Autumn is alive with art
Cultural life in Sussex never dims. After a triumphant summer of art shows, performances, screenings and live events, now autumn is springing to life in our galleries, museums, theatres, independent cinemas and art spaces.
So what do our art partners have lined up for you over the coming season? Way too much to tell you in one go – we’d be firmly in TLDR territory if we tried to list everything here, but you can check out our individual partner pages to view their programmes.
With so much going on around the county, we thought we’d do what we do best and get curating. Without further ado, here are six of the top cultural attractions from the Sussex Modern autumn calendar.
Tunji Adeniyi-Jones at Charleston
The title ‘Astral Reflections’ speaks to the physical and emotional fragments that we gather and leave behind through continued travel and transition. I am interested in how the transformative nature of the Black experience is nourished by travel, movement and cultural hybridity.
– Tunji Adeniyi-Jones
Raised in England to Nigerian parents and now based in New York, Tunji Adeniyi-Jones’s first UK solo show explores the effects of travel and movement on the Black experience. His vivid colour palette and depictions of the human form draw parallels with Duncan Grant’s work, also on display at Charleston this autumn.
18 Sept 2021 – 13 March 2022
£9 standard, free for Friends
The Long Song at Chichester Festival Theatre
Angela Levy’s award-winning novel is set on a sugar plantation in early 19th century Jamaica – the turbulent years around the abolition of slavery. Soon after publication, The Guardian observed how well The Long Song would work in the theatre. Suhayla El-Bushra’s masterful adaptation delivers on that promise in a world premiere run at Chichester’s inimitable playhouse.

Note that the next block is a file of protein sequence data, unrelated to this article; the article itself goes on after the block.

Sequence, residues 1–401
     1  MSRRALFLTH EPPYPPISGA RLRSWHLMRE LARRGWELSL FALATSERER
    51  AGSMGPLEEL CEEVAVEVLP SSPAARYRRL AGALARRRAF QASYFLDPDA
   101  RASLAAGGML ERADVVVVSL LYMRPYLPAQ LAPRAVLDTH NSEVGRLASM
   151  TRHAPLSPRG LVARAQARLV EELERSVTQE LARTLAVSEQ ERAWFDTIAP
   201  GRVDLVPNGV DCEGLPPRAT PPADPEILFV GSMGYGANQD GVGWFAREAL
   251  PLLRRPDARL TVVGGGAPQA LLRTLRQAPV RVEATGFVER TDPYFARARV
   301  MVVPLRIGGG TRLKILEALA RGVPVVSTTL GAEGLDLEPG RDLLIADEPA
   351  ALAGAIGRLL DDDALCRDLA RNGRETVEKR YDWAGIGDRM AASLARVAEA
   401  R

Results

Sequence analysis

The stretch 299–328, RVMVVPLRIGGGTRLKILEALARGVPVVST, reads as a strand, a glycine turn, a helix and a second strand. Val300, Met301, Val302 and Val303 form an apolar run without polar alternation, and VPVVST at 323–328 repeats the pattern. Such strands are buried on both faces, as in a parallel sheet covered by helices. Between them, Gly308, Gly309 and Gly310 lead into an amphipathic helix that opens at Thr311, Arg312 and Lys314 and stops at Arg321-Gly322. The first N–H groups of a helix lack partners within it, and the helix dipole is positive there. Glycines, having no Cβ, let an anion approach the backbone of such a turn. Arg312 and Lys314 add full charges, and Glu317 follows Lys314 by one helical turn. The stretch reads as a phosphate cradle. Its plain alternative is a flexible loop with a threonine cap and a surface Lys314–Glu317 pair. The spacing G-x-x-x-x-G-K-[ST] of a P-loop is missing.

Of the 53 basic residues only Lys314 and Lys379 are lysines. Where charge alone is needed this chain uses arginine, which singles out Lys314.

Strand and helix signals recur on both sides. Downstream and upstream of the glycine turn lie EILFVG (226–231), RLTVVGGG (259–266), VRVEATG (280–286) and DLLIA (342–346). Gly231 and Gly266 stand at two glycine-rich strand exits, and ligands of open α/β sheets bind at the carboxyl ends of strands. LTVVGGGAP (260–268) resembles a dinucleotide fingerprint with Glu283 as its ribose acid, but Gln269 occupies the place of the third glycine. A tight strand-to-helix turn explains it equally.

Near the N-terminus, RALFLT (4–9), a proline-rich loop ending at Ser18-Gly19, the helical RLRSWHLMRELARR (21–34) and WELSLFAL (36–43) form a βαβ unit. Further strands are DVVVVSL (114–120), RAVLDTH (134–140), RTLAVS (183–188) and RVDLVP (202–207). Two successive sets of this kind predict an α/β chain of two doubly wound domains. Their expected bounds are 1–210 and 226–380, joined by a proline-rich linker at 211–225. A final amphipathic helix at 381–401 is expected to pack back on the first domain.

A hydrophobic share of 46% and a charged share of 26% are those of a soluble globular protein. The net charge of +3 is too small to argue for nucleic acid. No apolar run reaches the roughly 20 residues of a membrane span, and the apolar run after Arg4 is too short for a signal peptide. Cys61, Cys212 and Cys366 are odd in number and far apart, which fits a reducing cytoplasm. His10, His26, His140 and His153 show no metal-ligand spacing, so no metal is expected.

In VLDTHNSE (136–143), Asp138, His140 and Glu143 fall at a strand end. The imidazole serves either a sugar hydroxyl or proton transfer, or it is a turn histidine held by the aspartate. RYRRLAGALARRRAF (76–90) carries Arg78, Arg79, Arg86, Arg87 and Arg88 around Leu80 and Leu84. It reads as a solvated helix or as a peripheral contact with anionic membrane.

1-23 Oct 2021
Alexi Marshall at De La Warr Pavilion
Did you know that the occultist Aleister Crowley is reputed to have cast a curse on the town and inhabitants of Hastings? In Cursebreakers – her first solo show in a major national gallery – Alexi Marshall interweaves this legend alongside paganism and folklore, constructing imaginary worlds from a myriad of mythologies.
This new body of work includes linocut prints, mosaics and embroidery full of hybrid female figures and fantastic landscapes. It’s a fantastical but deeply personal show smartly subverting representations of women throughout cultural history.
18 Sept 2021 – 16 Jan 2022
Shōji Hamada at Ditchling Museum of Art + Craft
In 1921, a young Japanese potter named Shōji Hamada travelled with his friend Bernard Leach to a certain East Sussex village already forging a reputation for its art and craft community. From 6 November, Ditchling Museum of Art + Craft will be celebrating the centenary of that visit.
Shōji Hamada: A Japanese Potter in Ditchling captures a vital moment in art and craft – not just a conjoining of Eastern and Western creative traditions, but also the emergence of the studio pottery movement. The show features important works by Bernard Leach, William Staite Murray, Martin Brothers, O Kenzan VI and Katharine Pleydell-Bouverie, as well as Hamada himself.
6 Nov 2021 – 17 Apr 2022
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Project Art Works at Hastings Contemporary
This autumn sees the Turner Prize-nominated artist collective return to Hastings Contemporary for an exhibition of work produced during their lockdown-based residency in the main gallery space. Ignition – The Exhibition also featured pieces from the Project Art Works archive.
This must-see exhibition showcases a creatively essential studio that provides conditions for autonomous and collaborative practices with neurodivergent artists, who take part on their own terms.
8 Oct 2021 – 27 Feb 2022
Melissa Gordon at Towner Gallery
Artist, curator and writer Melissa Gordon’s new series of large-scale paintings drift woozily between figurative and abstract art. Photos, texts and silhouettes slip over or under pools of painted colour as Gordon explores art histories and notions of authorship.
Liquid Gestures references overlooked female artists such as drip painter Janet Sobel and Dada poet Elsa von Freytag-Loringhoven, spotlighting the gender inequality that has seen their artistic contributions eclipsed.
16 Oct 2021 – 30 Jan 2022